Pat Metheny and Brad Mehldau - Meeting of minds

The release of Metheny Mehldau is the jazz event of the year by some distance. It’s the first time guitarist Pat Metheny and pianist Brad Mehldau have recorded together and presents a fascinating match of two musical forces who have become world renowned jazz figures. Metheny, for his wealth of critically and commercially successful records, guitar virtuosity and free wheeling jazz spirit, Mehldau for his dark neo-Gothic treatments of jazz standards and the figure who has made interpretations of Radiohead and Nick Drake de rigueur for the hip young jazz musician. In this exclusive Stuart Nicholson talks to Pat Metheny about the secretive recording session that spawned the record and a future release by the pair, and finds out how Pat and Brad found themselves playing a Whitney Houston song at a birthday party when they first met. Then Brad Mehldau talks to Stephen Graham about notions of Americana, his “Gothic tinge” and declares that he is a “notoriously bad collaborator”

Colin Towns - Back from the brink

Keyboard player and composer Colin Towns is on the way back after his record company Provocateur skirted with disaster in the wake of the collapse of its distributors. Once the most adventurous and ideas-driven indie jazz record label in the UK, with a motto to match, “improvise not compromise”, a hostile record business climate brought the label close to the point of collapse. Best known for releases by Andy Sheppard and Guy Barker, whose album Soundtrack was Mercury nominated, Towns and his label, with a slimmed down staff and a more cautious approach, are set for a busy autumn, especially with his Frank Zappa-themed big band album and a major tour on the horizon. Duncan Heining talks to Towns about the once dark days at Provocateur, the green shoots of recovery and why there’s nothing sacred with Zappa. And in the following feature he talks to Norma Winstone about her new album on Towns’ label.

Branford Marsalis - Home is where the heat is

Something to brag about? Well, that’s what Branford Marsalis would like you to think he has achieved on his latest release Braggtown. A white knuckle ride with drummer Jeff “Tain” Watts punishing his drums time and time again, especially on the tune ‘Blakzilla’ inspired by the music from the Japanese horror film Godzilla. But the latest recording by his seasoned band, whose line up is completed by bassist Eric Revis and pianist Joey Calderazzo, also exposes another melancholic side of Branford’s musical psyche, inspired by the unlikely Teutonic figure of Richard Wagner.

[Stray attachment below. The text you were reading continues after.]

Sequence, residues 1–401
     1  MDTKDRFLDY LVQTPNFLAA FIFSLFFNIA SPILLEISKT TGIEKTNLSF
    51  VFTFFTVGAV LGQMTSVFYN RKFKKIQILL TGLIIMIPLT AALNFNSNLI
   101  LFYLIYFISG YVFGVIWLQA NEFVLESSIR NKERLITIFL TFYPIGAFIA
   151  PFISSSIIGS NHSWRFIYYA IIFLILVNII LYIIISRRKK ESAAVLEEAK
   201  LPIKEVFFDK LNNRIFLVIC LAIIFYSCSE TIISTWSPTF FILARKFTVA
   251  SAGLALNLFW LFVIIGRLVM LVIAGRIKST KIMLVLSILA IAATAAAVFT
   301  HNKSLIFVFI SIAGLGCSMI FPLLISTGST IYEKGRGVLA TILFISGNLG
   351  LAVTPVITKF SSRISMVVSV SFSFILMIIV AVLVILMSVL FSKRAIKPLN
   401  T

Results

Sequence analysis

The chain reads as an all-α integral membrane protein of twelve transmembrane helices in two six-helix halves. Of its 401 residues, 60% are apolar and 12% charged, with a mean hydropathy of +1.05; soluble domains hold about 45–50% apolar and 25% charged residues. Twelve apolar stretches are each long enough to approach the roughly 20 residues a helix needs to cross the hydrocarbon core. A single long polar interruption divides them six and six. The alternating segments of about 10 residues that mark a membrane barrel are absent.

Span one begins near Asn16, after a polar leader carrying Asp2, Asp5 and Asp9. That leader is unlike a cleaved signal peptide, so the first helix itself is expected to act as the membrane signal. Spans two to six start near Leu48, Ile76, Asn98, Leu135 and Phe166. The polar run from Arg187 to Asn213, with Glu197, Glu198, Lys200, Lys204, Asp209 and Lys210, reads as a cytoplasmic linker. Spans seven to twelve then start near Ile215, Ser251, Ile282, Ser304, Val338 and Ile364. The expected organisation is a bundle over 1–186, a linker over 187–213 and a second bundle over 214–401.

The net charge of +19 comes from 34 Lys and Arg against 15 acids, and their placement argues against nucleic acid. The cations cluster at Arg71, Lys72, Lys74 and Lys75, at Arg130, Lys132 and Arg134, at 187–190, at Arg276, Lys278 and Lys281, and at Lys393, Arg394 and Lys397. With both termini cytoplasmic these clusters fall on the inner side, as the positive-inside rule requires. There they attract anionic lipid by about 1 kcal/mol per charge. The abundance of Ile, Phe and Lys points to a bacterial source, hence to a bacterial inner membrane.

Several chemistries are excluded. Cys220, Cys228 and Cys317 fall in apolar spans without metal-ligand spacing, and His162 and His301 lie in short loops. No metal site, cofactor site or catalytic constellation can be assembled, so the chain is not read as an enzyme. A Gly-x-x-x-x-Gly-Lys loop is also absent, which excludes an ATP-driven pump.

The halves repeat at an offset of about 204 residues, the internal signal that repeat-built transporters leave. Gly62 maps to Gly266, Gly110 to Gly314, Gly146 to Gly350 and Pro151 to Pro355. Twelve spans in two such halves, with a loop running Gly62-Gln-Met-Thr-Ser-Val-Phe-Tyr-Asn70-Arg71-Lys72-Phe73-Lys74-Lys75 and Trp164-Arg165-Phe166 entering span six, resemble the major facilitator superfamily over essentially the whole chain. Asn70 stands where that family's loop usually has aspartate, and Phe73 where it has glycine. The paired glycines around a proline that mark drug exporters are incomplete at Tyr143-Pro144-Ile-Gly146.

Abram Wilson - Ticket to ride

When trumpeter Abram Wilson made the move from his native New Orleans to London he had no idea about what was in store. From jamming in London jazz clubs, to working on Soweto Kinch’s Conversations With The Unseen, to developing his own albums Jazz Warrior and now Ride! the New Orleansian has come a long way in a short time. Andy Robson talks to Abram about the inspirations behind his new album, the effects of Hurricane Katrina on his hometown and finds out more from saxophonist Soweto Kinch who will share the stage at a high profile show with Wilson at this month’s London Jazz Festival.

Gilad Atzmon - Not strictly kosher

Larger than life, with an extraordinary view of jazz, philosophy and politics, the Israeli saxophonist Gilad Atzmon tells Stuart Nicholson about his new creation Artie Fishel, a Jewish Jelly Roll Morton with his own theories about where jazz was created. Atzmon explains why he turned his back on his Israeli heritage, after serving in the Israeli army, diagreeing with the political aspects of the Jewish state and instead actively supporting the Palestinian cause. It’s a stance that has caused his critics to accuse him of being a “self hating Jew” something which Atzmon in this remarkable interview faces head on.

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